Basin and Range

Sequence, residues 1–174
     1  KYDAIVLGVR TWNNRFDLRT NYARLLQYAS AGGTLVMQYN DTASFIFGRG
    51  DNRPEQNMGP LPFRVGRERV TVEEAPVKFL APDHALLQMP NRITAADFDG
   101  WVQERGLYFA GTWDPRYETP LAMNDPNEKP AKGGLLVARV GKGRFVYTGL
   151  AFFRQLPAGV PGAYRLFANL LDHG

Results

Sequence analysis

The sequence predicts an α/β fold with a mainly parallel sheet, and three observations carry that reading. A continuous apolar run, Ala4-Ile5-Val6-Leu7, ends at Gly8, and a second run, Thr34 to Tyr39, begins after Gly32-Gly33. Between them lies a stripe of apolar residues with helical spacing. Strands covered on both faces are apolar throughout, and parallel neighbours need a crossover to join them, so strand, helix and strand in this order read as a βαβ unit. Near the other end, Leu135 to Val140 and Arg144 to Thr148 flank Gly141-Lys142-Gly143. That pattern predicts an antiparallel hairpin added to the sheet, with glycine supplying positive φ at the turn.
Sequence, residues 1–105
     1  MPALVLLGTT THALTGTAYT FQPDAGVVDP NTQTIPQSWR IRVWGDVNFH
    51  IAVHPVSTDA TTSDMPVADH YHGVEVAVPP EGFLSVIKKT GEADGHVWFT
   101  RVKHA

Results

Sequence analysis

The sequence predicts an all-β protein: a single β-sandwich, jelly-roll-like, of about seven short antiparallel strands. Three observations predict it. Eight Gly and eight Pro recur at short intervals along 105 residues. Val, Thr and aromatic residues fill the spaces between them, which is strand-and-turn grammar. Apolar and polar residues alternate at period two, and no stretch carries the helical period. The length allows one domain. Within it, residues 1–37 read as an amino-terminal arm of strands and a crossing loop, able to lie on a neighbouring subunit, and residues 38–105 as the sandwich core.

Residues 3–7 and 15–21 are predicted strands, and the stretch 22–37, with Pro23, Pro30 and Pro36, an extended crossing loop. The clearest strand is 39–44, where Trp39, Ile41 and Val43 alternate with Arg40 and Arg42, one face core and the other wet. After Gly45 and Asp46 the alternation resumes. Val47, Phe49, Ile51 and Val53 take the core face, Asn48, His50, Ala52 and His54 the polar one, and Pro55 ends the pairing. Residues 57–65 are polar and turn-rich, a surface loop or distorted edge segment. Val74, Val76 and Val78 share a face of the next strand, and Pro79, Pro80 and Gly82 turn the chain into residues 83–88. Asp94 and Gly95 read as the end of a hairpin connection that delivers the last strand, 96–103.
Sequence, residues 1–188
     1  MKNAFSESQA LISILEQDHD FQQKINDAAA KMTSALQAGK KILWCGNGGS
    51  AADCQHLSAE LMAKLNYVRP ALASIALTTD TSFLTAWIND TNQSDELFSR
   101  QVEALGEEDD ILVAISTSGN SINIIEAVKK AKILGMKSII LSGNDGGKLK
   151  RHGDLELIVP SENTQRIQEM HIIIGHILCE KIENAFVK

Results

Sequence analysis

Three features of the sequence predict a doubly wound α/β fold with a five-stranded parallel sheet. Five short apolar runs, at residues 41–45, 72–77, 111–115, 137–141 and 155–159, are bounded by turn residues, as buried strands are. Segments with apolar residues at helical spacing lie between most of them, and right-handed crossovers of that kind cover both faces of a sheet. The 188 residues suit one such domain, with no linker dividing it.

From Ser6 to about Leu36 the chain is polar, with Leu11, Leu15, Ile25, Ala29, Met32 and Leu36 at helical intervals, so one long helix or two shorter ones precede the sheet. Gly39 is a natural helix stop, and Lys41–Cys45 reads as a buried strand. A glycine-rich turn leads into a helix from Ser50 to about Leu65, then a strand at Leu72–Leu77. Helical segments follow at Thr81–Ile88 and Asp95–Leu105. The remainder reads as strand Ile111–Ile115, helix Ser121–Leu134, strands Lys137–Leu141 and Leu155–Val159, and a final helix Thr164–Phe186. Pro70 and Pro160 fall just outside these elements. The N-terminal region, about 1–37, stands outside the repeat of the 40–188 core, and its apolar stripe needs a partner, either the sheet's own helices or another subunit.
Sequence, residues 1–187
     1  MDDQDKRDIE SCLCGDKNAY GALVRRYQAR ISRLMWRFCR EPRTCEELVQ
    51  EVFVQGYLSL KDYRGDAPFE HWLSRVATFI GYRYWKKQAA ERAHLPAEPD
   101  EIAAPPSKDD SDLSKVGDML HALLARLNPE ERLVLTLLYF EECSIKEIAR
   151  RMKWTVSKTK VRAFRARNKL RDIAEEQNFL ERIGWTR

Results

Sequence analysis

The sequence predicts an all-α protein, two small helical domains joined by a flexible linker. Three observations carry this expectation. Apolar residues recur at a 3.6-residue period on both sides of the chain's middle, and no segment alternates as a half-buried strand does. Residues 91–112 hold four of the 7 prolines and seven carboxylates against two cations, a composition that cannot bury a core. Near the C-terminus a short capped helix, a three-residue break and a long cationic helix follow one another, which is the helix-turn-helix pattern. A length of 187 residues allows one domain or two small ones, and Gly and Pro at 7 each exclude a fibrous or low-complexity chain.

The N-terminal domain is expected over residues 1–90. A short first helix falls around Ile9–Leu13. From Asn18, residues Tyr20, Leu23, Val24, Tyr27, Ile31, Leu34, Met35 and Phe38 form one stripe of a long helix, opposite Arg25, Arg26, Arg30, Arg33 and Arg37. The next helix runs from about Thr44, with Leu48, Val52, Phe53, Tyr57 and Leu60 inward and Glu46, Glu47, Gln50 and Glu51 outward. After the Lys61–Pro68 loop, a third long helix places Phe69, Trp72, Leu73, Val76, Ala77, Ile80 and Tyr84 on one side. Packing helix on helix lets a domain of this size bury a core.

Basin and range is a geologic term for a type of topography characterized by a series of separate and parallel mountain ranges with broad valleys interposed, extending over a more or less wide area.Basin and range topography results from crustal extension. As the crust stretches, faults develop to accommodate the extension. In the western United States, this topography is built by a number of normal faults that meet at a basal detachment fault. The basins are down-fallen blocks of crust and the ranges are relatively uplifted blocks, many of which tilt slightly in one direction at their tops due to the motion of their bottoms along the main detachment fault. The normal arrangement in the basin and range system is that each valley (i.e., basin) is bounded on at least one side by one or more normal faults that are oriented along or sub-parallel to the range front :: Death Valley formed as north-south fault lines stretched and pulled the earth’s crust apart, forcing mountainous uplifts on either side while the expanding space in between sank